notice that . this is an appropriate assumption.subtract interest expense from the pre-tax income. or Price-toEBITDA). You are implicitly assuming estimates of risk premiums and discount rates and following what the market currently implies. Financial leverage will lower current earnings in exchange for higher future earnings. and the M/B ratio. or assume that the company free cash flow would become a perpetuity starting next year and value it as a perpetual cash flow. and financial leverage. caused by negative earnings or cash flows. By multiplying the projected cash flow by the ratio for comparable firms you arrive at estimated company value. profitability. When you compute the liquidation value. Yet dropping negative ratios from your comparable average may bias your terminal value estimate. have similar size. Negative ratios. • Choosing comparable firms. firm size. perpetual growth should be based on the industry life cycle: for example. Key characteristics to consider when choosing comparable firms include industry. and leverage. Vice versa. We would then proceed to discount the cash flows to equity at the cost of equity. capital efficiency. you want to select firms that are as similar as possible to the firm you are valuing. such as the P/E ratio. a number of potential problems arise when using multiples. 8. To the degree that market ratios change over time. • Negative ratios. How do you estimate terminal value? We can either assume that the company would be liquidated and compute liquidation value. Retire the working capital. If you believe that these price ratios are not appropriate you can then use alternative comparative methods (such as Price-to-Sales. you don’t want to be so selective that you end up with only one comparable firm. • Static multiples. Price-to-Cash flow. you are making a number of implicit assumptions. Remember that when you use multiples.g. the PEG ratio (computed as the current P/E ratio divided by the expected longterm growth rate in earnings per share). you can calculate the ratio by dividing price by trailing earnings or cash flow for the comparable firms. and we use a price multiple for these (e. The assumption of liquidation value vs. • Financial leverage. Yet another way to value the company is to use multiples. priceearnings) which we then apply for the company which is being valued. In particular. The expected growth of earnings will be higher and thus so will ratios based on earnings. etc would have a finite operational life and as such should be valued by assuming a terminal value. Market ratios among similar firms can vary because of differences in financial leverage. We create a set of comparable companies which belong to the same industry. profitability. If you assume that the comparable ratio stays constant through time. food industry projects are oftentimes long-lived and as such should be valued using a perpetual cash flow as the terminal value. oil rigs. Alternatively. you choose comparables that have similar leverage ratios to your firm. When you retire the fixed assets. To correct for differences in leverage. as discussed above. Retire the fixed assets of the firm. mines. are meaningless. The net present value is then considered the value of equity. to use the multiples. you need an estimate of cash flows (or other flow measure) at the end of the forecasting period and you would need an estimate of the value to cash flow (or other flow measure) for comparable firms (as discussed above). On the other hand. In addition. Why? Because interest paid on debt is not cash flow to the equity holders. 2. you can calculate ratios based on firm value and cash flow to assets (opposed to equity). In choosing comparable firms. A better approach is to sum prices and earnings separately across the industry and then take the quotient. here is how to do it: 1.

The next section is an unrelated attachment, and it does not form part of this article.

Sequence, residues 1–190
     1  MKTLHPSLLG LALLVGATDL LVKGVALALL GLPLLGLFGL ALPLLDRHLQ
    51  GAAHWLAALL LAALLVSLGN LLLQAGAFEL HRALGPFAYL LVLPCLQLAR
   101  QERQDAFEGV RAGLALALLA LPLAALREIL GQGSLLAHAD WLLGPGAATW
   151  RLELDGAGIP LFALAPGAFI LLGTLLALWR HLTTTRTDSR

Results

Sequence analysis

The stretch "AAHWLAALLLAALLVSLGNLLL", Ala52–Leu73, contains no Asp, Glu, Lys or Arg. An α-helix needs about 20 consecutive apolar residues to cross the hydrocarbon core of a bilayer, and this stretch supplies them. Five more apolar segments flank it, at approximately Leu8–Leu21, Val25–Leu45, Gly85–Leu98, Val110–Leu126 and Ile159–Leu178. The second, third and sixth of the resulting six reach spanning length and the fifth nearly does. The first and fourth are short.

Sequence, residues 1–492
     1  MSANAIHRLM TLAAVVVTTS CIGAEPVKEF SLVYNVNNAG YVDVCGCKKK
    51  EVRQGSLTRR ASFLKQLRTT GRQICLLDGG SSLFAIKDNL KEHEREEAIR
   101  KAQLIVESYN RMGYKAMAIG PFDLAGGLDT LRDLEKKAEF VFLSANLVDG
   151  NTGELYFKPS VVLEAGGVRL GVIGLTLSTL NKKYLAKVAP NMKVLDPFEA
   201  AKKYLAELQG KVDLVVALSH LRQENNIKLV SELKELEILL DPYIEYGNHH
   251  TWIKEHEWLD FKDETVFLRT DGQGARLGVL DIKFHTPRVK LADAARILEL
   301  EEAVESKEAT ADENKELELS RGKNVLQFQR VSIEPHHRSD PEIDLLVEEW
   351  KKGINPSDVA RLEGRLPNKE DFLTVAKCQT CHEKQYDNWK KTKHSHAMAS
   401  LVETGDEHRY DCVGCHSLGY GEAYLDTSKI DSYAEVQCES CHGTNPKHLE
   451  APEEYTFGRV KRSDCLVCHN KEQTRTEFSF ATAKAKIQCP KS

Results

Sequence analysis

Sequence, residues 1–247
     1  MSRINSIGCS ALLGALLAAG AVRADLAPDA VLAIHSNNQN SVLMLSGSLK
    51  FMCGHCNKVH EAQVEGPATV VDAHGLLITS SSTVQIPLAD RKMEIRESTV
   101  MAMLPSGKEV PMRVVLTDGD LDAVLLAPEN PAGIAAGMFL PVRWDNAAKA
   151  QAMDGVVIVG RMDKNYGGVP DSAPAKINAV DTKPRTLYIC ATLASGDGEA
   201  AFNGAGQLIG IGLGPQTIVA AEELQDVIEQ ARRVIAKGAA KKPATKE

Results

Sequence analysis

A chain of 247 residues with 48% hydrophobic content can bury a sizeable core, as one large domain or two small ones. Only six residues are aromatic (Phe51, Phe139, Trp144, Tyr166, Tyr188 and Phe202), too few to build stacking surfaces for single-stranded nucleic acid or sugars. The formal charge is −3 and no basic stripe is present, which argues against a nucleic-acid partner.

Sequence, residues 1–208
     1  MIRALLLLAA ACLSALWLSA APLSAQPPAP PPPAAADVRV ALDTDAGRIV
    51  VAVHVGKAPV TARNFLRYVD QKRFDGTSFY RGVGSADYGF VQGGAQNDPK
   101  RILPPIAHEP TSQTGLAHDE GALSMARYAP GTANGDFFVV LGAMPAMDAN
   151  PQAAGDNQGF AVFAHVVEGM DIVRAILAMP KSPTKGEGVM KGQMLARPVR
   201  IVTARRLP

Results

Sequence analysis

the last year of the pro-forma. Notice further that we grow for one period the coupon payment. A simple. 11. CFN is the cash flow in the last year of the proforma.g. You are thinking about buying this bond. convertability. There is also a copy of the book in the library. the price of the bond will be .) Perhaps the easiest way to address with such questions is to make oneself informed of the stock market events. read the titles from Google Finance. or even. Analyzing Home Depot? How would you value AOL? These are valuation questions tied to current events in the stock market (e. yet very efficient way to achieve this goal is to get an inexpensive subscription to the Wall Street Journal. The reason we require the rate to be above the average inflation rate is to prevent the value of the perpetuity eventually shrinking in real terms. Chapter 12. since the perpetuity starts next period. and r is the appropriate discount rate. The reason we require that the perpetuity has a growth rate below that of the economy. How would you price the bond? Since we would like to compute the price of the bond. When you compute a perpetuity continuation value as of the last year of the enterprise.their un-depreciated (or salvage) value could differ from their on-going market value. 12. just released a new bond. I assume that we are given the promised yield (or yield to maturity) on this bond. [Note: There is an excellent treatment of this topic in the book I have assigned for the class in the Fall 2006. yet we made the assumption of constant perpetual growth starting in year N. Assume you have levered free cash flows. Thus. Given these. is so to prevent the company from eventually becoming the economy. what happens with Home Depot vs. If the market value is above the salvage value. Also. 10. I have posted the chapter online in Blackboard – session 3 or 4.e.] 9. then we have to tax the difference. what type of questions would you like to ask them regarding their business and why? This question has been asked in October 2004. by Aswath Damodaran. you would need to assume a growth rate for it. where g is the assumed long-term growth rate. what is the appropriate discount rate to use? A levered free cash flow is the un-levered free cash flow plus the present value of . Anheuser-Busch Cos. try before interviews to check the upcoming earnings releases: these are the likely movers of the stock market. The value of the perpetuity as of the last year of the pro-forma is . We are meeting the CEO of Harley Davidson. the CEO of Harley Davidson Jeff Bluestein announced his retirement. If the market value is below the salvage value then we have to add back to the market value the tax shield (basically the tax credit on the capital loss). Apparently the rumors in the market were that the CEO intends to do so (and the CEO did retire in April 2005). this question is designed to check whether you follow the market news. and consequently likely to attract the interviewer’s attention. Two months later. where N is the number of years to maturity. and assuming that the bond has no special features (such as callability. Notice that the value of the perpetuity is as of year N. YTM. AOL at the time the question is asked. CFN. i. A reasonable growth rate is anywhere between the average inflation rate for the preceding years and the sum of the average inflation and the average real GDP growth for the preceding years. etc).

we would be effectively double-counting the value of the interest tax shield). .the interest tax shield. Such cash flow need be discounted at the return on company assets (WACC) where we do not adjust for the tax (this is very important: if we adjust WACC for taxes and have included the tax shield on interest.